Thursday, April 29, 2010

Response to Apple on Flash

I have heard little snide comments from Steve Jobs about how he feels about Flash. But releasing an official statement online has led me to respond with my feelings about Apple on Flash.

As much as I do not like Flash, I have to disagree with Apple a couple points made.

If you don't think a product should be supported, stop supporting it, including on your desktop platform. Apple is not really expressing its feelings about Flash. Apple is simply saying what is currently good for Apple at the moment. Be prepared for Apple to change its views at any given time, depending on what product they are selling at the moment.

Apple wouldn't dare upset its customer base by removing Flash support from its desktop OS. They can somewhat get away with not adding to iPhones and iPads what it has never had (but apparently not so, as per the reason to make this public announcement).

Steve Jobs mentions the re-design of software for the iPad or iPhone. Web pages are not designed to take advantage of multi-touch. Therefore, HTML and the current set of web browsers are just as 'bad' for mobile devices as Flash. Perhaps HTML5 addresses multi-touch capabilities. I don't know.

However, last I checked, it is not only Flash that handles "roll-overs;" also Javascript and pretty much every GUI API I have ever used. I can think of adding pressure sensitivity to touch displays in addition to touch capacitance. Perhaps this would change the idea of touch roll overs. But, it would slightly alter how people use the current set of popular touch screen devices--that would be bad for Apple. I assume someone has already patented this idea and it's probably not Apple.

Third party development kits are good for developers. For one, it allows them to write their software on multiple platforms, providing more sales, software ubiquity, and less work to make that happen. Two, it should create a healthy competition between platforms--if one provides features that the other doesn't, that platform is pushed to either adapt or adopt the other feature.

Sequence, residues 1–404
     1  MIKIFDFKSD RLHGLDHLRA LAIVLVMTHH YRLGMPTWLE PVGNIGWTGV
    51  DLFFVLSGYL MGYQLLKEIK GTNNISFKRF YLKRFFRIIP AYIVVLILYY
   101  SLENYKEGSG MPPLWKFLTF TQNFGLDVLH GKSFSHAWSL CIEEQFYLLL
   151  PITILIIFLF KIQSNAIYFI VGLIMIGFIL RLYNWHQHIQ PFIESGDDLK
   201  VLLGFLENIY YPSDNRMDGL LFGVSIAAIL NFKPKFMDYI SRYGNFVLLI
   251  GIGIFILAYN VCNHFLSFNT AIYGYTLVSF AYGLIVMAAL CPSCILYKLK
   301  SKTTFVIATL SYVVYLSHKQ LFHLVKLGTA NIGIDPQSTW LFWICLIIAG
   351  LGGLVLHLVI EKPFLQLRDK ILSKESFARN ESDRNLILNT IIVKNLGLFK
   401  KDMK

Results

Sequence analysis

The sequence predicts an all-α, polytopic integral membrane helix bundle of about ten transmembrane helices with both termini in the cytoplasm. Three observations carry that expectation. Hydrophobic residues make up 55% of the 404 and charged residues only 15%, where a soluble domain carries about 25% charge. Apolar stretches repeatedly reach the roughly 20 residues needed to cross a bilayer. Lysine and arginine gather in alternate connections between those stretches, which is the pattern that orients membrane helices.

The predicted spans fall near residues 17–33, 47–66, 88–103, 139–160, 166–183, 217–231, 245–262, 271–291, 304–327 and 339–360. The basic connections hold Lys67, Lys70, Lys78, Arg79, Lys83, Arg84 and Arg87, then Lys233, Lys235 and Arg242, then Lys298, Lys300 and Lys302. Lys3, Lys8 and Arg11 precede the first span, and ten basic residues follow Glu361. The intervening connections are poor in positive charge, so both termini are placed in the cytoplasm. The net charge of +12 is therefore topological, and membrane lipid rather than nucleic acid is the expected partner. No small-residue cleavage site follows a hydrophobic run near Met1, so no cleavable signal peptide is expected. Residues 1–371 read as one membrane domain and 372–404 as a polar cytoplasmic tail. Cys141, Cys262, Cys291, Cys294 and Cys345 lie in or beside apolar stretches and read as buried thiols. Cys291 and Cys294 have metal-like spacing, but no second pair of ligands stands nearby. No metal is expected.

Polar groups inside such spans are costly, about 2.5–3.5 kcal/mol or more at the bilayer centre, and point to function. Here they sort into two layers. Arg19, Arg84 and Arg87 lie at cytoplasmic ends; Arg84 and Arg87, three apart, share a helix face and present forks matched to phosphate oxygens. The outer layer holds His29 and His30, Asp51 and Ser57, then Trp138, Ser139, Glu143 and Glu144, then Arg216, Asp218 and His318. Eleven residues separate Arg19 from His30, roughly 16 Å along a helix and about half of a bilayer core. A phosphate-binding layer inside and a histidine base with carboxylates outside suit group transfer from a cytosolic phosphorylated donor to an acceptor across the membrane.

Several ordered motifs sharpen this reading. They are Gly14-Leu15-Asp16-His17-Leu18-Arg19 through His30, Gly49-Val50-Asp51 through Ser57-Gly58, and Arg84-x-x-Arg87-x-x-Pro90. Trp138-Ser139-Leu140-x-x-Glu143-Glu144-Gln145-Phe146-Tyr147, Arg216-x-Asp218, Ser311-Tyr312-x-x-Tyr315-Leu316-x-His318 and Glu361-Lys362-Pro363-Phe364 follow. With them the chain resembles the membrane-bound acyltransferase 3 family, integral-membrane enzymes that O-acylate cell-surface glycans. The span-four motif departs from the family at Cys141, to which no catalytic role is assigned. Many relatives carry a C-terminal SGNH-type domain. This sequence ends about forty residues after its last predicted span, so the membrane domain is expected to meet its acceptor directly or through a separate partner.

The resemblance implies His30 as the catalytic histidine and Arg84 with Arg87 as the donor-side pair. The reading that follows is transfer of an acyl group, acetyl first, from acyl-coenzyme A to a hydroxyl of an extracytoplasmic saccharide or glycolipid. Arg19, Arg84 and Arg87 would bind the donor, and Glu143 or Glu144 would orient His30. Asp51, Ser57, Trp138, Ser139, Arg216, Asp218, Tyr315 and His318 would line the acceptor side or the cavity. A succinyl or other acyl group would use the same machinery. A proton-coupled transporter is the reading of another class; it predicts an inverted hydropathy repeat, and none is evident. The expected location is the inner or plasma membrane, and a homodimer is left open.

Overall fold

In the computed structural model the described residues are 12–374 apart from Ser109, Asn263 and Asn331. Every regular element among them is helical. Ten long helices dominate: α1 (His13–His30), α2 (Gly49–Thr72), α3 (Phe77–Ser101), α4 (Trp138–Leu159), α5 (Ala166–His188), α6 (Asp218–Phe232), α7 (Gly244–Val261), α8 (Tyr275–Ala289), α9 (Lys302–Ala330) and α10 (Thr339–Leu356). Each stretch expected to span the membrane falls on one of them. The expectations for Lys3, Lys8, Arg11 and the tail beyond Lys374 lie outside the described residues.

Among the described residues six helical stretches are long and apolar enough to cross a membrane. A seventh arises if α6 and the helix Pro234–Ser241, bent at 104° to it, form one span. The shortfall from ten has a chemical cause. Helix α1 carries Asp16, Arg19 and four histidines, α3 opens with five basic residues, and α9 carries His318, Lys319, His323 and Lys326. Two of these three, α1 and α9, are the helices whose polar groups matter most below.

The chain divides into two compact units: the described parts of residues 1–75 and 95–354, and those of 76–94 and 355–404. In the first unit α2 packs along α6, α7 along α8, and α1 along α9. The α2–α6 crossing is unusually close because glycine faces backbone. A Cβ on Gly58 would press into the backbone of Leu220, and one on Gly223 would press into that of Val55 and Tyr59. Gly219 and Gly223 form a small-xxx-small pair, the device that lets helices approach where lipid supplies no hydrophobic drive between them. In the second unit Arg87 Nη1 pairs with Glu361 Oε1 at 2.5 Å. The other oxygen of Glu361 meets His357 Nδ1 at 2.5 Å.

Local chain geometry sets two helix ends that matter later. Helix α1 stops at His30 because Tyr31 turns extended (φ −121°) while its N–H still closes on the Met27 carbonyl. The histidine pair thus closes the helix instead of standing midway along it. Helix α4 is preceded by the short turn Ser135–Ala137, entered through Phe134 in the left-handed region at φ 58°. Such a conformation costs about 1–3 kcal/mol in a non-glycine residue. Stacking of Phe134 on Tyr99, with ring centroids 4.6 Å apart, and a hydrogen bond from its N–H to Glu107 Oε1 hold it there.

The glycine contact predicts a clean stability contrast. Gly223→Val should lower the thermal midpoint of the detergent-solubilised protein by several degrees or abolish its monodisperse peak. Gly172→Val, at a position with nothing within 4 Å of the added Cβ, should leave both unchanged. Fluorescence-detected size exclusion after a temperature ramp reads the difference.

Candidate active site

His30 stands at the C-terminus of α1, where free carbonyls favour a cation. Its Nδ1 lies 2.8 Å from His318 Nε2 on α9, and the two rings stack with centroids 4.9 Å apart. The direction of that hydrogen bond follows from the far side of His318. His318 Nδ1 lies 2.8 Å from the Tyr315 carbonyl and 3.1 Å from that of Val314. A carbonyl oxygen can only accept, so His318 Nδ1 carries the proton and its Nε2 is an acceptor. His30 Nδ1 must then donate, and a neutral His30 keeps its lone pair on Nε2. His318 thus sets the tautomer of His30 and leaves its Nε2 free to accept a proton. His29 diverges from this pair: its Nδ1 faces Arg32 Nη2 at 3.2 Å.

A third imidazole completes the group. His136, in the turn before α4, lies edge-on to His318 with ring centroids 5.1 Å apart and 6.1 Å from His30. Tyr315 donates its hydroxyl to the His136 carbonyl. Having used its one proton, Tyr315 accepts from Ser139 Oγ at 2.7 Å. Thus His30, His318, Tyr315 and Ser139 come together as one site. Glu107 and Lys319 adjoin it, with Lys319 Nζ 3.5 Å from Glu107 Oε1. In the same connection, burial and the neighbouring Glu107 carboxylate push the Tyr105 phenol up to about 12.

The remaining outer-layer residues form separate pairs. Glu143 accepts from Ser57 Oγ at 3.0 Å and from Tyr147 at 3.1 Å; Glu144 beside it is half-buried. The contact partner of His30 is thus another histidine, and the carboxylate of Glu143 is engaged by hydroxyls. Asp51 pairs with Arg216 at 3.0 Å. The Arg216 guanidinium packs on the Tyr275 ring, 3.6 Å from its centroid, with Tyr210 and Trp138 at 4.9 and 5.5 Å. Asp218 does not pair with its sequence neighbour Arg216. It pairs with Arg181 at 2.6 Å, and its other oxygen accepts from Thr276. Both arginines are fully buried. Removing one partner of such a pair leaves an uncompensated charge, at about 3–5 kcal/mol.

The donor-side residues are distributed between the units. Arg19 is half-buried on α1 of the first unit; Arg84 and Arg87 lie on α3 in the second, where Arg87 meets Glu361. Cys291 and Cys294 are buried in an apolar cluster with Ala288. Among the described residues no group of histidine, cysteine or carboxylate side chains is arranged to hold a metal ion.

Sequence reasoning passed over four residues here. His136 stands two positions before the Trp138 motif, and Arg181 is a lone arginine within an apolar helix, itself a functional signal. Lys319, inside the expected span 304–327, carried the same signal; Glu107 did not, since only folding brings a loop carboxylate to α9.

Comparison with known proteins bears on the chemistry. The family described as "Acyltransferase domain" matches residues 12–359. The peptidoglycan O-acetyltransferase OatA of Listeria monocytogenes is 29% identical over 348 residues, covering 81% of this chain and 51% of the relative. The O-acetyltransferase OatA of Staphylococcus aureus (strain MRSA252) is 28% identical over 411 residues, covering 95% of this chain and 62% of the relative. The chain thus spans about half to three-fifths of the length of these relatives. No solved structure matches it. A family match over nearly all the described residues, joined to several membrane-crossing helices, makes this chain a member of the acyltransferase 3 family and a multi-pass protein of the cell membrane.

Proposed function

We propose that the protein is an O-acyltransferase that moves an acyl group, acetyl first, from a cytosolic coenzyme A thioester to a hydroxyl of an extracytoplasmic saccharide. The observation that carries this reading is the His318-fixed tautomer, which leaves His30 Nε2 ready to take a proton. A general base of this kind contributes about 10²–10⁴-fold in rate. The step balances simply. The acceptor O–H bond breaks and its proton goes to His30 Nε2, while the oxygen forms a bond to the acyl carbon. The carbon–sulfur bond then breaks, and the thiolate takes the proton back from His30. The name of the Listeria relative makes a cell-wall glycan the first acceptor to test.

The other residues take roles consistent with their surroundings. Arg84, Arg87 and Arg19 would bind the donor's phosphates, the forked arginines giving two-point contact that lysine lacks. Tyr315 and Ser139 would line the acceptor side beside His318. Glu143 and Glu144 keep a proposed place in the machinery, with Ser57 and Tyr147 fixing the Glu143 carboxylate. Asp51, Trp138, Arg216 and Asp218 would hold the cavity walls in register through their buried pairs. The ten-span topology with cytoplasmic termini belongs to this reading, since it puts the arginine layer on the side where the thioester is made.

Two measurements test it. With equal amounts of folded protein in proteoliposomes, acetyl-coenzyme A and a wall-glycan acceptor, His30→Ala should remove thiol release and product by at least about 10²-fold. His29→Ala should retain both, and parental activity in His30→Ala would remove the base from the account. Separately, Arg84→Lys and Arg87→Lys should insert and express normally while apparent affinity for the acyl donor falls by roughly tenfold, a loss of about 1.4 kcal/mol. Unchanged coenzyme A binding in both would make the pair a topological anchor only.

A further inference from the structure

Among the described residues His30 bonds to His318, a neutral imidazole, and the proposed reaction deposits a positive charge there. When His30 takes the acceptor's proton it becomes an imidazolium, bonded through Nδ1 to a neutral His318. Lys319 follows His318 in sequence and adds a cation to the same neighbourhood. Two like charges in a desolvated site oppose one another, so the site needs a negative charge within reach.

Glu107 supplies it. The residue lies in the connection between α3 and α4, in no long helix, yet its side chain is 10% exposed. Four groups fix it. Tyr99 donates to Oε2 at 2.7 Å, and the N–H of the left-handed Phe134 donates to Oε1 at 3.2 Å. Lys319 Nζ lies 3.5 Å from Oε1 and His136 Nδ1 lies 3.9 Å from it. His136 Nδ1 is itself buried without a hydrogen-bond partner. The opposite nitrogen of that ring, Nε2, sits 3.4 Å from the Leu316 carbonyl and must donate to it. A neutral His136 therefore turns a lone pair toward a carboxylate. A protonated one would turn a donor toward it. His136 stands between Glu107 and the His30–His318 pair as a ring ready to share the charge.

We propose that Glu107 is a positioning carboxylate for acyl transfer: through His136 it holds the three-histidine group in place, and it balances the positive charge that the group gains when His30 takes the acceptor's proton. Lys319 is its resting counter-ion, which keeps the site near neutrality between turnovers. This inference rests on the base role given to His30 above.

But, clearly Apple does not like competition. Jobs says that the third party approach prevents developers from using the "innovative" features that are only on their platforms. Perhaps if Apple did not patent things, such as mobile devices with multi-touch screen capability, it would not be an issue.

No, Mr. Jobs, everyone does not benefit--how altruistically conceited you are. The only people who truly benefit from a closed approach, such as Apple, is the company itself--not the customers--certainly not 'everyone,' implying only if everyone used Apple products and nothing else. Wouldn't that be great? No?

Thursday, April 1, 2010

Monodevicism Vs. Polydevicism

Long before the most recent smartphone craze, I was confident that, in the future, all our computing needs would be satisfied by a single tiny personal device. I certainly had no doubt that smaller devices' processing speeds would continue to increase, almost indefinitely. However, I overlooked or assumed that portable power supplies would either get better and hold up to the developing technologies or perhaps end up not even being necessary.

I or anyone else can observe or learn about the increase of processing power from one CPU to the next. However, I am not so sure of battery technology. Is it improving? Has it reached a plateau? If not, does it keep up with Moore's Law?

As many more peoples' lives become "wired," particularly with the inclusion of smartphones, we are starting to experience the ever present inconvenience of limited portable power. If a better energy source is not discovered, we will never experience the single device future I felt so certain we would happen.

I liked the way that Steve Wozniak described the iPod: as a satellite device. I assume he meant it would never replace your computer at home, but would remain as our constant link to that computer back home, syncing our portable activities when we get back home--to recharge.

However, smartphones provide almost unlimited connectedness. We are no longer required to dock our satellite devices to our computers at home. We are becoming a truly mobile information society. In fact, syncing data from our computer is not necessary, as even our home computer will sync all its data over the Internet. But the battery is our ball and chain. Just as one weighs us down, we make up for it by carrying yet another.

I recently have gotten a dedicated ebook reader. I had tried several times to use my smartphone for reading. But doing so would leave me in situations where I could no longer use the phone as a phone at all. At the end of the week, I now have to nurse another device, in addition to my laptop and smartphone.

My dream of a single do it all device is fading, as I begin to accept my computing energy enslavement. Now my question is how many personal mobile devices should I have or what is a reasonable number to use at one time.

None of these devices alone are allowed to be the perfect device, each one doing a single task better than the others.

Today I realized that if we do always have multiple personal computing devices, there is one that we will certainly not have: a smartphone. We may still use a phone, but it and all the devices will communicate to a central, Internet capable, device. If our most personal Internet ready satellite device is always on, there will be no reason to have any other devices at all--it will uniquely drive any public device you come in contact with, such as your car, television, movie theatre, or bathroom.